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The Demise of the Keyboard – Natural Language Technology Takeover

The Demise of the Keyboard – Natural Language Technology Takeover

In a recent interview with Eckerson Group, Joe Caserta, president of Caserta, a New York-based innovation consulting and technology services firm, said, “The next leap [in technology] is natural language processing for querying data” and predicted, “Keyboards are going to become something that we talk about in the history books that we don’t use anymore, in our life time.”

Natural language technology (NLT) is the building blocks of Caserta’s prediction and will play a major role in simplifying how humans interact with computers and do daily tasks.

According to a report from Tractica, a market intelligence firm, worldwide revenue of natural language processing (NLP) software will grow from $136 million in 2016 to 5.4 billion by 2025, a whopping 4000% increase. And if professional services and hardware is included, that number is $22.3 billion.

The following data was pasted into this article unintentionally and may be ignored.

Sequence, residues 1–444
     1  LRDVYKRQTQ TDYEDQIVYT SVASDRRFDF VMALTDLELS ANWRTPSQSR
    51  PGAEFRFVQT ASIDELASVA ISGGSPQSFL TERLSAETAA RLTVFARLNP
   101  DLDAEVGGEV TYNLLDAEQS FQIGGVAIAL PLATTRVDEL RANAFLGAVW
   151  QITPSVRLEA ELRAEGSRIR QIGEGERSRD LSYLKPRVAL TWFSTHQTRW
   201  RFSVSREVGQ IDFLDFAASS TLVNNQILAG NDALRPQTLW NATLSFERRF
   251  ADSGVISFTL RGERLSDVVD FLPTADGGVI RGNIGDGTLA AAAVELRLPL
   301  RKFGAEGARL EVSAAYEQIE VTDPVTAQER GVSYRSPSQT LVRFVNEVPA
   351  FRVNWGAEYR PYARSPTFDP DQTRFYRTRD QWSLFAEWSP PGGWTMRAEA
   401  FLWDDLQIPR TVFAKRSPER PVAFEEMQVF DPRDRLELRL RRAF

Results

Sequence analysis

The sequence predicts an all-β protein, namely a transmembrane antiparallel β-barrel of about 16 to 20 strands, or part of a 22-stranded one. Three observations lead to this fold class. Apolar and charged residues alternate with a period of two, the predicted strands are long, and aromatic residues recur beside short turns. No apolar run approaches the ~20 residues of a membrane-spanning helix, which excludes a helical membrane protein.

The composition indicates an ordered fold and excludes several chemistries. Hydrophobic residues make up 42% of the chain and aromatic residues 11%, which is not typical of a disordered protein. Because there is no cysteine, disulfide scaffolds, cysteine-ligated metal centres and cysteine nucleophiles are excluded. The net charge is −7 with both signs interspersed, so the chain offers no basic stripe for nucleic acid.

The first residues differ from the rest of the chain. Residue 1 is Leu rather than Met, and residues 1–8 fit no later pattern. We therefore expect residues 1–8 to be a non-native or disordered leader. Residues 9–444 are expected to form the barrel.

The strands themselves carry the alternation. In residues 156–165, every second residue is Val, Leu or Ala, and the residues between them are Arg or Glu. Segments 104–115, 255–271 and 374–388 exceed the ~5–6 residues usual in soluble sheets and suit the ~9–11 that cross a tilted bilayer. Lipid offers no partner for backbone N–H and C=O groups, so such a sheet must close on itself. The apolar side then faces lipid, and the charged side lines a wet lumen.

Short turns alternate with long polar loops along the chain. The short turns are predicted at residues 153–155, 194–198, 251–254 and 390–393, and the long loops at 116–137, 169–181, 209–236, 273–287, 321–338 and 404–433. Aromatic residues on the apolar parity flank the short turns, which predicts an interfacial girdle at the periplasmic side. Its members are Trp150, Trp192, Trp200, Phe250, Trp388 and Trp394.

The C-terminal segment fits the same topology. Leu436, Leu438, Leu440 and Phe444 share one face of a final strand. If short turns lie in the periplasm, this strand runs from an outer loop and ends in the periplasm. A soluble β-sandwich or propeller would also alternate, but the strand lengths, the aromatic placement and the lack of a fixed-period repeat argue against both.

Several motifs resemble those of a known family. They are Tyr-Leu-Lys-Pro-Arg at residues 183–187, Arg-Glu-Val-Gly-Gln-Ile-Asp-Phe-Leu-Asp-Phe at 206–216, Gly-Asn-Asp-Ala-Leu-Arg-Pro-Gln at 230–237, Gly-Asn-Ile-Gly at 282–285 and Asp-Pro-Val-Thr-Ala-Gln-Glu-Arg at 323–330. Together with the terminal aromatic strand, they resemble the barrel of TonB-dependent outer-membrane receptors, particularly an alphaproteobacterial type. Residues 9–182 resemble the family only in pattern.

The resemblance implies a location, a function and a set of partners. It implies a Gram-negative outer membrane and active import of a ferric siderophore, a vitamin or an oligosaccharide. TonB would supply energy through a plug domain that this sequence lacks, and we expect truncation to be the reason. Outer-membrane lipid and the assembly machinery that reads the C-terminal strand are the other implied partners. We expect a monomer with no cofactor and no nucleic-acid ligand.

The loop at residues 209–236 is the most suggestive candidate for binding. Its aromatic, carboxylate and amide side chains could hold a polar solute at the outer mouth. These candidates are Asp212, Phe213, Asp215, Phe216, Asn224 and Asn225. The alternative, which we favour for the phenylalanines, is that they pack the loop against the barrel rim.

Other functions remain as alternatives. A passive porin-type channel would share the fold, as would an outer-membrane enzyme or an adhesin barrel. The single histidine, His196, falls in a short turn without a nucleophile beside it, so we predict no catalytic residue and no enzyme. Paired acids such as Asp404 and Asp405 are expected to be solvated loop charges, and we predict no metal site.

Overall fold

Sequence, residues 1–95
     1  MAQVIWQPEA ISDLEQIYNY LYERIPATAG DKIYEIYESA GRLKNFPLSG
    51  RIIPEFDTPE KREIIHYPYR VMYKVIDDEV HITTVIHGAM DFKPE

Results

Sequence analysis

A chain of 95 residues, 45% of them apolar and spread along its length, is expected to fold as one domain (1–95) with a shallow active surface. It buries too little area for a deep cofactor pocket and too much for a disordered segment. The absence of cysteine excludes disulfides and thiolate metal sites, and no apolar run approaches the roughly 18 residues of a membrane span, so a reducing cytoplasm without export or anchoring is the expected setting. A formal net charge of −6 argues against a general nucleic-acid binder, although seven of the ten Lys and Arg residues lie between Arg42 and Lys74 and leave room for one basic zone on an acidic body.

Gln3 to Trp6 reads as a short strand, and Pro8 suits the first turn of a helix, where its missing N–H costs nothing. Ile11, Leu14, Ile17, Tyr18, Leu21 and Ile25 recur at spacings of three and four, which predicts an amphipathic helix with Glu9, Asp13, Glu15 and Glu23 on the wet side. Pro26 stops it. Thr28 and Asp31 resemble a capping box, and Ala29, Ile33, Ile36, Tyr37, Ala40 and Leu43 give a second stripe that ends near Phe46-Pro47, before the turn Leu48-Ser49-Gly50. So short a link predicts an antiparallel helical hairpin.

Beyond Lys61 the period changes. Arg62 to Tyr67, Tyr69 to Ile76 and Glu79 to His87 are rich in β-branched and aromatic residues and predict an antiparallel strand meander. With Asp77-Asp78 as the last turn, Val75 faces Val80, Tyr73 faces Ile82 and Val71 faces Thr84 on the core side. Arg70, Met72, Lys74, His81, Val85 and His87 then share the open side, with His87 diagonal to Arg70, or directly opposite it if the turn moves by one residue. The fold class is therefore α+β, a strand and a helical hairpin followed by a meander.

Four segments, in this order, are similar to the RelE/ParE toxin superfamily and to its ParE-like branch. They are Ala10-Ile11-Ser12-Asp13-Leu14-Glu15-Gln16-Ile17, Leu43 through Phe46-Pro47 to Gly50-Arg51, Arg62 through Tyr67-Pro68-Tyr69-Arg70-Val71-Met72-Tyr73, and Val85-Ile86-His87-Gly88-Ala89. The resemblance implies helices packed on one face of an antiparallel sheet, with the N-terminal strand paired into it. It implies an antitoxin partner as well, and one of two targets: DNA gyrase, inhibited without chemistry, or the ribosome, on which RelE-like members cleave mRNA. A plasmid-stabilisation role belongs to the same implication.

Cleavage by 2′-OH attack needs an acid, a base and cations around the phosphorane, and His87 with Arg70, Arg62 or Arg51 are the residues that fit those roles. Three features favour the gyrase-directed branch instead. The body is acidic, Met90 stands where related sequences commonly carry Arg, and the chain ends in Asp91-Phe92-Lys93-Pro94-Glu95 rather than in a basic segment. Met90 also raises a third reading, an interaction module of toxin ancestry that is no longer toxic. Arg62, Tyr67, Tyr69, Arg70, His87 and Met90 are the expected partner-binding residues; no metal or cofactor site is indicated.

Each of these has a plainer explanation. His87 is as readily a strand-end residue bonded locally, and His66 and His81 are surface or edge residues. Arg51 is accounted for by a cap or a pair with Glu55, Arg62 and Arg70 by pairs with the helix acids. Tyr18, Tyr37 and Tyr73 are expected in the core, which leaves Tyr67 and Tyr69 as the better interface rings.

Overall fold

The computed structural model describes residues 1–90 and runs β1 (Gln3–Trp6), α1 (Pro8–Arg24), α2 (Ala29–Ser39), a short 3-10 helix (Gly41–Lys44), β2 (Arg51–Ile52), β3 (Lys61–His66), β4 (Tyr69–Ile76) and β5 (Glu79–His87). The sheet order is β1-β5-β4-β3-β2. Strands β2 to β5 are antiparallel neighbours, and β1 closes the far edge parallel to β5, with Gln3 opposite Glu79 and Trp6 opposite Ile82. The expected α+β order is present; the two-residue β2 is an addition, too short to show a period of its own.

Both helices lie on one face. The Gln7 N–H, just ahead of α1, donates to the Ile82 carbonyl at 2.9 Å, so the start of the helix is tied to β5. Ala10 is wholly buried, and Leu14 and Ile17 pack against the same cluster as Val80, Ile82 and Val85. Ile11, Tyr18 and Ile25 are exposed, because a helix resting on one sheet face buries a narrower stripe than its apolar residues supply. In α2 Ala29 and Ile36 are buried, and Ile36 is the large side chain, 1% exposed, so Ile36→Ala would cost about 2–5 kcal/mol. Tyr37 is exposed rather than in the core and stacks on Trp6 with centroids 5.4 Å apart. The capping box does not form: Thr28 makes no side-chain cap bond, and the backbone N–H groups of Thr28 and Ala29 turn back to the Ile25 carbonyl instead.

As NLT matures and integrates into more commercial products, everyone, including business intelligence (BI) users, will use their keyboards and mouse pads less. Eventually, voice commands will be the only actions needed to do most computer-based tasks.

NLT in a Nutshell

NLT constitutes the subfield of artificial intelligence involving natural language. These technologies include natural language processing (NLP), natural language understanding (NLU), natural language generation (NLG), and speech synthesis. All are used in commercial products and have reached different levels of maturity.